Zastava M-70

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Not to be confused with Zastava LK M70 series of hunting rifles, M70A 9x19mm or M70 7.65mm pistols.
Zastava M-70
M70-ab2 from yugo.png
A Zastava M-70AB2
Type Assault rifle
Place of origin Yugoslavia
Service history
In service 1970s–present
Used by See Users
Wars Gulf War
Yugoslav Wars
Kosovo War
Insurgency in the Republic of Macedonia
War in Afghanistan
Iraq War
2011 Libyan Civil War
Syrian civil war
Production history
Designed 1959-1968
Manufacturer Zastava Arms
Produced 1970
Number built 4,000,000[1]
Variants See Variants
Weight 3.70 kg (8.16 lb)
Length 940 mm
Barrel length 415 mm

Cartridge 7.62×39mm
Caliber 7.62mm
Action Gas-operated (rotating bolt)
Rate of fire 620 rounds/min
Muzzle velocity 720 m/s (2,362 ft/s)
Effective firing range 410 m (448.4 yd)
Feed system 30-round detachable box magazine, can accept 75 round drum magazines
Sights Iron sights

The Zastava M-70 is an assault rifle developed and produced in Yugoslavia, nowadays Kragujevac, Serbia by Zastava Arms company. The design of the M-70 was based on modified Soviet AK-47 and AKM assault rifles and it became the standard issue weapon in the Yugoslav People's Army in 1970.[2] The M-70 is an air-cooled, magazine-fed, selective fire rifle. This weapon is also available as a modern sporting rifle in the US without select fire capabilities.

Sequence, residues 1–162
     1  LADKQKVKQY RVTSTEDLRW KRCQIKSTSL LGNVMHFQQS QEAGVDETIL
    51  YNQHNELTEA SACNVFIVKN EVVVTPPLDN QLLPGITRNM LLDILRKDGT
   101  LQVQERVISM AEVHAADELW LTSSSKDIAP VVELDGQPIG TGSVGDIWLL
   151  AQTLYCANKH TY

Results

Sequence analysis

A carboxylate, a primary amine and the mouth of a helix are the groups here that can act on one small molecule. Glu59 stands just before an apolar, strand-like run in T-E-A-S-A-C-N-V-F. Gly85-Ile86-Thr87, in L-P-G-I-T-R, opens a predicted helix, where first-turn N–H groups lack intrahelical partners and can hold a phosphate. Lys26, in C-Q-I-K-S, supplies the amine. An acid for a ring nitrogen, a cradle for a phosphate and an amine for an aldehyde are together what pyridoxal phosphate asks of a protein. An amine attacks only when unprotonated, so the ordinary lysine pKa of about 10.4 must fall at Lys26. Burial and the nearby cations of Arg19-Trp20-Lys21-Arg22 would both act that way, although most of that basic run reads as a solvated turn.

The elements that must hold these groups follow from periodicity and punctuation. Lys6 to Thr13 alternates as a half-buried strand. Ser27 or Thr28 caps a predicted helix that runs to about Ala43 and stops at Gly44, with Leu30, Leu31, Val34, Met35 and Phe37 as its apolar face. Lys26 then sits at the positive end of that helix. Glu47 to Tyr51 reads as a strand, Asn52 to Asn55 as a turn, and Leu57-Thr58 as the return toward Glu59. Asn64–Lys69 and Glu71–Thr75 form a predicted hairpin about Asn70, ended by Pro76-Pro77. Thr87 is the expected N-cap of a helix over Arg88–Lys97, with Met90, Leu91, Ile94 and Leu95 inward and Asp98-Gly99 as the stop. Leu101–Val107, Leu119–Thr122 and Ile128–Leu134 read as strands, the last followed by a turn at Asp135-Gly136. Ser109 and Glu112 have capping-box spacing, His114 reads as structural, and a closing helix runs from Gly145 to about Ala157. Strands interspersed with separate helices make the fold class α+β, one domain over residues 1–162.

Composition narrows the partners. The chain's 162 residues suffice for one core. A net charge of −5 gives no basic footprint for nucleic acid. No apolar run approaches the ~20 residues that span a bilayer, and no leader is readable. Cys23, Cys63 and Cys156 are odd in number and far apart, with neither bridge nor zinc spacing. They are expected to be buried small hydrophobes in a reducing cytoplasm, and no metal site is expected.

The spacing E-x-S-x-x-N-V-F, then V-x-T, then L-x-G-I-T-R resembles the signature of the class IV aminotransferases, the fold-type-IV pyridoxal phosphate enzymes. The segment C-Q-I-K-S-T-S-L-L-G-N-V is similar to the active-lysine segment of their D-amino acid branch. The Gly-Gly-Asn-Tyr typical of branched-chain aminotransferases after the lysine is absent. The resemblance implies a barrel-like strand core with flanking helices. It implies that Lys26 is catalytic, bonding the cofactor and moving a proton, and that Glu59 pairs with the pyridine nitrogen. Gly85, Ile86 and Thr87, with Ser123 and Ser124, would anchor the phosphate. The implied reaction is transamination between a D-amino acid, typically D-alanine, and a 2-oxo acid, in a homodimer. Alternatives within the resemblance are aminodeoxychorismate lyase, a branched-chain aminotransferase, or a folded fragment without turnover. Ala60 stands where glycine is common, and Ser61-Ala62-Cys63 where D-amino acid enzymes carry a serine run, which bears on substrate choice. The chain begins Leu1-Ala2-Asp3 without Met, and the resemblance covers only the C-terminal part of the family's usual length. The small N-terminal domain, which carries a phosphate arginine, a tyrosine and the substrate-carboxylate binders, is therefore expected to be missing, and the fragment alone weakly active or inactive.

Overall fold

Initial development of a domestic AK variant began c.a 1959,[3] and the first models submitted by Zastava for military field trials were with the early M-64 series of rifles[4] with milled receivers, threaded barrels, familiar Zastava handguards, gas cutoffs for grenade launching, and several other diversities from the mainstay AK design, such as a bolt hold open device on the right side of the receiver, and a charging handle that appeared different from other AK models.[5] Though performances were satisfactory, the Yugoslav military did not adopt the rifle as the standard infantry armament.[6]

various Zastava M-64 prototypes

In 1970, a second opportunity emerged, and Zastava was given the go ahead to begin with army funded mass production of the AP M-70 and M-70A series (Serbo-Croatian: Automatska Puška Model 1970, Automatic Rifle Model 1970) of which the M-70A was the folding stock version.[7]

Before the larger models of these rifles were made, cost-cutting measures in production resulted in the removal of the internal bolt hold open, and relocation to the magazine follower. In addition, the usual placement of the barrel through threading into the receiver was replaced by the cheaper method of pressing and pinning the barrel into the receiver.[8] Rifles produced with these new features were known as models AP M-70B (fixed stock version), and M-70AB (folding stock version).[9]

As with the M-70 series of automatic rifles, these models failed to be produced in larger quantities before further cost-efficiency production measures gave way to yet another model.

This time the milled receiver was replaced by a receiver stamped from a smooth 0.9 mm (0.04 in) thick sheet of steel, a firing rate reducer was added to the trigger group, and the muzzle brake replaced the muzzle nut that originally came on the two prior models. Yugoslavian AKs produced with these features were named models AP M-70B1 (fixed stock) and M-70AB1 (folding stock).[10]